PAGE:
Did you ever see the CBC Marketplace episode where they asked 100 Canadians to check their credit reports for errors? Forty of those people found problems. Not exactly confidence-building when it comes to what those reports are saying about you, right? So when was the last time you checked your credit report? Don’t you want to know what those credit bureaus are saying about you?
The two main credit bureaus in Canada are Equifax and TransUnion and both have websites where you can order a copy of your credit report. If you ask for your report to be mailed to you, there’s no cost. If you want an instant download, you’ll pay for the convenience. In both cases, there won’t be any effect on your credit score. While a “hard pull”—lenders checking your credit history—does impact your score, a “soft pull”—you checking—does not.
The next step is to read the report carefully to check for mistakes. Gloss over nothing. Is your name spelled correctly? Are the addresses given yours? Is your date of birth correct? Even small errors can be signals that your file has been confused with someone else’s. Yes, this happens all the time. Once, when I checked my credit report I found that a creditor had reported me as delinquent for card I’d reported lost. Despite my attempt to clear up the mistake, the credit bureau would not change the information because the department store card stuck to its story. It’s one of the reasons I refuse to carry a department store card of any kind. Since those folks can pretty well say what they want—there’s no real verification process—their mistakes can ruin my credit without me being able to do squat. So I just don’t go there.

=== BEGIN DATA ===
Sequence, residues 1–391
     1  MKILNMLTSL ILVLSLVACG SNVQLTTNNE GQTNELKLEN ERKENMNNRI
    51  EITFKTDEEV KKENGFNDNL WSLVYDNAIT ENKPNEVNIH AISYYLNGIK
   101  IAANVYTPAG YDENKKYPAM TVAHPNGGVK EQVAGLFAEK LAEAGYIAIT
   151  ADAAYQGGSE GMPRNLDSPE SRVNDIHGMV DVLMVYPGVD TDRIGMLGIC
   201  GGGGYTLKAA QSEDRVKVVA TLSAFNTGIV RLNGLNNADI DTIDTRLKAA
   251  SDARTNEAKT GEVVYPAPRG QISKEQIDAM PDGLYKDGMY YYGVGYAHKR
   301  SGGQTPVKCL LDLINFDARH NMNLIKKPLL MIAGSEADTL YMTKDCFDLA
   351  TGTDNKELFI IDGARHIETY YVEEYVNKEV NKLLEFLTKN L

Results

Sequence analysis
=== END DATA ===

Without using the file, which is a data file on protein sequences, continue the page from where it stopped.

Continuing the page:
There are mistakes you can correct. My friend Tash found the wrong birthday on her file and found out her mother’s information was being recorded on her file. She fixed that. And my friend Donna found that the same loan was being reported twice, making it look like she’d borrowed twice as much. She called her bank and got them to fix the information on her file.
Ask for old information to be removed from your file. Most records are kept for seven years, so if you had a spotty credit history in your youth, but have subsequently cleaned up your credit behavior, make sure those mistakes are removed as soon as possible from your file.
If anyone offers to clean up your credit for you—yah, there will be a charge—just say no. If you’ve damaged your credit history, you’re going to have to be a good little borrower and wait out your past indiscretions even as you build good credit files. And if there are mistakes, why would you pay anyone else to fix them for you? That’s your job. It’s your credit history.